The latest market correction was but a month ago. I contemplated writing this then but the internets were awash with articles and tweets about the correction. Some proclaimed their prophecies about the end of the world come true while others reminded us that we should just stay the course.
Now that the panic has settled down, and the world is definitely not on the way to ending, it’s time to ruminate.
Markets Go Up And They Go Down
Repeat that as many times as you like. The only difference is that the time horizon changes. As a friend put it, “this is how the market is supposed to operate”.
Over the long run, markets always go up. Period. So if you’re in it for the long haul – which is what you should be doing for the core part of your portfolio – then you shouldn’t care.
Yes, it hurts when they go down but don’t dwell on it and focus on other aspects of your life.
I just heard an episode of the Hidden Brain podcast on information aversion aka the ‘ostrich effect’. It’s from 2017, but worth a listen. Information aversion is essentially the act of ignoring any ‘negative’ information that may cause harm to us. No one wants to see or hear bad news, sometimes to our detriment. Information is information – always useful, and the problem doesn’t go away just because we choose not to absorb it.
In the episode, they mention how folks tend to constantly watch their portfolio when the markets are going up but reduce the frequency drastically when the markets are going down or crashing.
The way I see it – if not watching the news or the financial markets helps you to not panic and not sell out of your investments then, by all means, do it. I know I do the same – I watch and am aware but do not react.
How’s Your Appetite For Risk?
When markets are falling, it is a great time to assess your appetite for risk. Is it still the same as you thought it was or should you consider making some changes? Again, this shouldn’t be an excuse for you dump all your investments and leave it all in cash. That would be the dumbest thing to do, and you’re too smart for that, right?
If you’re able to grin and bear it then great – you made the right call, and you should stick to your asset allocation.
If you find yourself panicking and voraciously consuming “advice” on the web, then it’s time to dial it down and maybe invest more conservatively. I’m not one to opt for financial planners (yet), but this is one case where they’re worth their weight in gold. If you have one, or even if you don’t, find one and go and talk to him/her. Let them talk (beat) some sense into you.
Remember, you haven’t lost anything until you sell.
Have Your Circumstances Changed?
You may find that it’s been a while since you last updated your asset allocation and evaluated your appetite for risk. Are your kids closer to college age, or has your employment situation changed? Maybe you have more (or less) passive income coming in?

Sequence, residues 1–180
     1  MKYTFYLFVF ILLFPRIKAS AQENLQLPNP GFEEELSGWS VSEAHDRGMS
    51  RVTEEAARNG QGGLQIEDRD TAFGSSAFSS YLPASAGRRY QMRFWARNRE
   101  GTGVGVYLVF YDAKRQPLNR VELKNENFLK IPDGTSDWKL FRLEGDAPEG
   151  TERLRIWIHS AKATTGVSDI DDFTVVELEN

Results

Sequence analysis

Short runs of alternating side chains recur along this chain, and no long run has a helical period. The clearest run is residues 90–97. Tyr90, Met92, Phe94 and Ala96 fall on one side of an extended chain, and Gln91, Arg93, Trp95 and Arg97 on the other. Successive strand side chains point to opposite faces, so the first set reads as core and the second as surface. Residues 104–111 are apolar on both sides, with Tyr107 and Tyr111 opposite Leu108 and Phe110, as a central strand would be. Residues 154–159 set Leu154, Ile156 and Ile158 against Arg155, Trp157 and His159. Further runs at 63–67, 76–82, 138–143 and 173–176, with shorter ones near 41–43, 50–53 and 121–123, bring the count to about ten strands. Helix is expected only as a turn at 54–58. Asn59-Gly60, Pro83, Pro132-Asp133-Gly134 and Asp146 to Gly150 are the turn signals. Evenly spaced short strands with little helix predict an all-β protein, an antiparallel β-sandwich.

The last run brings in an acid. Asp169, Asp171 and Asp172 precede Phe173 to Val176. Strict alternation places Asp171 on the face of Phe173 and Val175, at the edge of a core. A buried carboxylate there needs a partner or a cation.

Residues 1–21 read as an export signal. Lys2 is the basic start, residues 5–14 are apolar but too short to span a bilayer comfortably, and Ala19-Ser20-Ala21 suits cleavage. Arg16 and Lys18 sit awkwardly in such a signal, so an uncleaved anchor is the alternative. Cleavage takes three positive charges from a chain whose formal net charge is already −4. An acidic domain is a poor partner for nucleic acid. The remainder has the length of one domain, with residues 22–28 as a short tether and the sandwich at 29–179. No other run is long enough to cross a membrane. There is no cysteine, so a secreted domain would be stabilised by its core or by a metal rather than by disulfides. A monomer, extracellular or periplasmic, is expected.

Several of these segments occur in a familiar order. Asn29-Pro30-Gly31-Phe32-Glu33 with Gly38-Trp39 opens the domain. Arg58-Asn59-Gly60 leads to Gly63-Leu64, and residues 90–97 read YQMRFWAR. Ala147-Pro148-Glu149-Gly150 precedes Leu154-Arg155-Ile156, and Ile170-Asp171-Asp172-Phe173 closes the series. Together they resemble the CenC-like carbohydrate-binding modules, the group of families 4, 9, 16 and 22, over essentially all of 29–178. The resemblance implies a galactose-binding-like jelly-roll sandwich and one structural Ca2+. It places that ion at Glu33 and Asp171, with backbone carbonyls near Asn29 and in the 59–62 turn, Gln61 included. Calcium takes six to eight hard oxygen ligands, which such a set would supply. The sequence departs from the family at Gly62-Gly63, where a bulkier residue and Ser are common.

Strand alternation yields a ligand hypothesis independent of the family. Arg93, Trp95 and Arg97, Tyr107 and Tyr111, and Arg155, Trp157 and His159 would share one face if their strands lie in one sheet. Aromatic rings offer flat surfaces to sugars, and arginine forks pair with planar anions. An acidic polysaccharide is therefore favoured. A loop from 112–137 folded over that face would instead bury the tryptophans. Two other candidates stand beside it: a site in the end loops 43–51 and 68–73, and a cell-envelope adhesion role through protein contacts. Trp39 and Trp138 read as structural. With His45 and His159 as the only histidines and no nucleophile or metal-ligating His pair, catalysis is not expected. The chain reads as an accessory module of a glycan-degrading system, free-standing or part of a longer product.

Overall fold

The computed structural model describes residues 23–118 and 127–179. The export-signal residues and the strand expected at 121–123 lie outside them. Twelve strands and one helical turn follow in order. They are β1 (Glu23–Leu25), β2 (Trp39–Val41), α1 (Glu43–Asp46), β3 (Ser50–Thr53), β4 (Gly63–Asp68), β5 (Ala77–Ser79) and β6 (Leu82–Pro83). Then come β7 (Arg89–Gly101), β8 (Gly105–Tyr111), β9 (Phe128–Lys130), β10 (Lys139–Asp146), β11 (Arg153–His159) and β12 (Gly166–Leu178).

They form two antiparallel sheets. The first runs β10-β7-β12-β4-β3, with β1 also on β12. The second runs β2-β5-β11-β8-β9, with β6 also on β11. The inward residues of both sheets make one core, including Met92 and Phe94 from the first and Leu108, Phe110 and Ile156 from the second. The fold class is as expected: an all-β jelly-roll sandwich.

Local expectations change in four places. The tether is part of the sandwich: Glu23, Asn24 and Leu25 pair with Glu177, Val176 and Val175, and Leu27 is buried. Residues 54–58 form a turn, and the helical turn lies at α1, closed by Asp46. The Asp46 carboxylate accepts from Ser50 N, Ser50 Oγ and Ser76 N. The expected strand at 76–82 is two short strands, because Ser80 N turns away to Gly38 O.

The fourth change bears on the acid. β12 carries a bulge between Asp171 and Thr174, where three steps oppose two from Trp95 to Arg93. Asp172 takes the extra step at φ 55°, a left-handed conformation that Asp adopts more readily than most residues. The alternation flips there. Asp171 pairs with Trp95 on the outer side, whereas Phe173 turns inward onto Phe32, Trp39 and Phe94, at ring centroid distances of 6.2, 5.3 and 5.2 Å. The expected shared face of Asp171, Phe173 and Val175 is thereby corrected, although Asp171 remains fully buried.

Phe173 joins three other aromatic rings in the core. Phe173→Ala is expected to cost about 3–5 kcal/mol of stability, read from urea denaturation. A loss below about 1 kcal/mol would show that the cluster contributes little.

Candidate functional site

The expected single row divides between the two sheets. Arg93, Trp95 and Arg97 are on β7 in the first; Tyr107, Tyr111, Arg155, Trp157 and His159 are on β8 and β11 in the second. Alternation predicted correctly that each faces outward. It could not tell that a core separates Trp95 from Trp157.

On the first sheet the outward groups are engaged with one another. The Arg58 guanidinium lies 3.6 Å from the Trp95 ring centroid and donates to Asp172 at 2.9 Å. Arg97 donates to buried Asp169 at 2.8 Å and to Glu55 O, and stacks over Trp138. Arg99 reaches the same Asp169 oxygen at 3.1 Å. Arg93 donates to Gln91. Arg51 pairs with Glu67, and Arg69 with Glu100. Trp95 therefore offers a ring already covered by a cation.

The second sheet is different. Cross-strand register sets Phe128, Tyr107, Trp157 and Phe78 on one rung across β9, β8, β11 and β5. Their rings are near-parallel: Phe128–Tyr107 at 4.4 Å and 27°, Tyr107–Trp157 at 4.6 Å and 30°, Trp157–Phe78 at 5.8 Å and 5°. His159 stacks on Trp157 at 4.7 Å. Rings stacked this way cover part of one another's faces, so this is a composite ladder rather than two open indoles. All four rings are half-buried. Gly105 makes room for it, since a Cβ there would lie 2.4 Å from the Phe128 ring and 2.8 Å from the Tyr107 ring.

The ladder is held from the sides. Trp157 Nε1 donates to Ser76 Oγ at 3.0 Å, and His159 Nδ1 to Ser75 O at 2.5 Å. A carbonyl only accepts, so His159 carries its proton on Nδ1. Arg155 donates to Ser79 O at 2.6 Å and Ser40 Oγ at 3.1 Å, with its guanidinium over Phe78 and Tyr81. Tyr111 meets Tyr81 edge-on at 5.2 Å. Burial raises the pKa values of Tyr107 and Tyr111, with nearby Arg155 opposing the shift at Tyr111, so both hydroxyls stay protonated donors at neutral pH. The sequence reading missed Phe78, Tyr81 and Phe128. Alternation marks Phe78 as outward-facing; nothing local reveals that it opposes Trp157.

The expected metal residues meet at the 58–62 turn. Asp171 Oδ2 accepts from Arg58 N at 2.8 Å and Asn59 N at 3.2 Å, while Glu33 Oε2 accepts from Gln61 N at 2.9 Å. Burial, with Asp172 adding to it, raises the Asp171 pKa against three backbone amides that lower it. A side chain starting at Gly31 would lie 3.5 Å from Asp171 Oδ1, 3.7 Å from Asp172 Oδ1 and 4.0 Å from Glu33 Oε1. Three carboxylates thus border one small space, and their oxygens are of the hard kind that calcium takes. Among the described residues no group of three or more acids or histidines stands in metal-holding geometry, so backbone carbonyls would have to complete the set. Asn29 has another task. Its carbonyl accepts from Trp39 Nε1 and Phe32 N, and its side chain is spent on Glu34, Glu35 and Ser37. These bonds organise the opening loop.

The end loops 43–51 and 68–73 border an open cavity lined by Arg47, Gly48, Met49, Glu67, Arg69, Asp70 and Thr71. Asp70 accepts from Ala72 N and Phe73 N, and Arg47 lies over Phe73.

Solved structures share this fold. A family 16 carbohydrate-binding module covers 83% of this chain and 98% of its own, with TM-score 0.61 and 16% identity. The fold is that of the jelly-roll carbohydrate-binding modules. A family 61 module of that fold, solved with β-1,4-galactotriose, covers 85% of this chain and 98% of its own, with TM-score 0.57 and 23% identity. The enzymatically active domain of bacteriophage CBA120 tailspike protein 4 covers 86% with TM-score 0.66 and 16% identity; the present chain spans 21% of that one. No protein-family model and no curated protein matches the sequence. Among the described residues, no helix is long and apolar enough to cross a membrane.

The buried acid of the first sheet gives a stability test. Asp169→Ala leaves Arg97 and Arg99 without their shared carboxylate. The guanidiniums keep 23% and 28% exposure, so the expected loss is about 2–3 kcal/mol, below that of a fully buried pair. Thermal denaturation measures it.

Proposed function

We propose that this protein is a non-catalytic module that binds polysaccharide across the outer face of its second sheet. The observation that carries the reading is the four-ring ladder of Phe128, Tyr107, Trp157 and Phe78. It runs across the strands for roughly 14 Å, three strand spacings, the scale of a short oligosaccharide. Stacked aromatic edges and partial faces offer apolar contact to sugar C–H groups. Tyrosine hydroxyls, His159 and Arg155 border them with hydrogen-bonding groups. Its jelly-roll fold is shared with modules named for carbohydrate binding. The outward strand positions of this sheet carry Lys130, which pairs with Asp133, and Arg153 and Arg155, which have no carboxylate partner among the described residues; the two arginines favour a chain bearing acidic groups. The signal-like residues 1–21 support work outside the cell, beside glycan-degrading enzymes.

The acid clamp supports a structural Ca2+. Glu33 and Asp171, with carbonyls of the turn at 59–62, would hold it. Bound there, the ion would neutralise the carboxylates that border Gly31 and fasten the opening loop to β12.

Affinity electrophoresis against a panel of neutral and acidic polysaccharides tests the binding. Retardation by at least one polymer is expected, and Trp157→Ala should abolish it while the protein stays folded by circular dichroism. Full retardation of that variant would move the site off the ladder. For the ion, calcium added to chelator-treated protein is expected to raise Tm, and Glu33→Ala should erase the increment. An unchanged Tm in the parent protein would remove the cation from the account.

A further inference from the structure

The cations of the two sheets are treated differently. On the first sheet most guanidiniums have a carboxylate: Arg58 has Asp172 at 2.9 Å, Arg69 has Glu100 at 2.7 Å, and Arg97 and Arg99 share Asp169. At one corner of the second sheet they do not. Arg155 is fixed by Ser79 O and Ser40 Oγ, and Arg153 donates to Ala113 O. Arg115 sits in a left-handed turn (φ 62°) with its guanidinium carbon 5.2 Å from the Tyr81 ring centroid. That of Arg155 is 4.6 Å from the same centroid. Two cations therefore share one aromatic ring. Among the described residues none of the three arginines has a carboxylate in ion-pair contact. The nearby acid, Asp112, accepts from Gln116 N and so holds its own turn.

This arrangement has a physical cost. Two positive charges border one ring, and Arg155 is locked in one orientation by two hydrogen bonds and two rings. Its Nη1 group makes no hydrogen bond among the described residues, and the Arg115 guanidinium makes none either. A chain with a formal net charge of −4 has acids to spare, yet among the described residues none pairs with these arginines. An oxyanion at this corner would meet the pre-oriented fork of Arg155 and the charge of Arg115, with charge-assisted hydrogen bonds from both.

All of us are at different stages in life, with different goals and appetites for risk. Re-evaluate where you are and then make changes with a calm and collected mind.
If you will need any money over the next 3-4 years that’s currently tied up in investments, then move those to cash or a short-term bond fund after markets stabilize. Again, sell the winners first, as much as possible. Lots of retirees (early or otherwise) keep a few years’ expenses in cash for this very reason. It lets then sleep peacefully at night irrespective of the market’s gyrations.
Great Opportunity To Buy & Diversify
As is obvious to those who’re not (or are done) panicking, this is a great buying and rebalancing opportunity. Sell the winners and buy more of the losers. If you had spare cash lying around, go ahead and buy some more – this is the best time to invest as almost everything is on “sale”.
We ended up being very lucky in that I’d just placed a couple of buy limit orders in end January. These were our Roth IRA contributions and were sitting in the money market waiting to be invested. The limits were just a few hundred basis points below the bid-ask spread and I didn’t expect it to trigger. Then the market corrected and both orders were filled in the same day. Talk about getting lucky! Of course, the amounts were too small ($5,500 each) to have an impact on the overall return but it felt good nonetheless!
You Cannot Predict The Market
Markets respond quickly, and it is impossible for you – or anyone else – to get the timing right. You may get lucky now and then, but it’s going to be rare. Trying to predict the market is great when you’re investing with ‘play’ money but not with your retirement funds. You need to be able to get out at the right time, and then get back in at the right time as well. Chances of you getting both right is zero. Not 0.0001 %, just ZERO.
Markets gyrate. You cannot predict consistently. Suck it up. Think long term.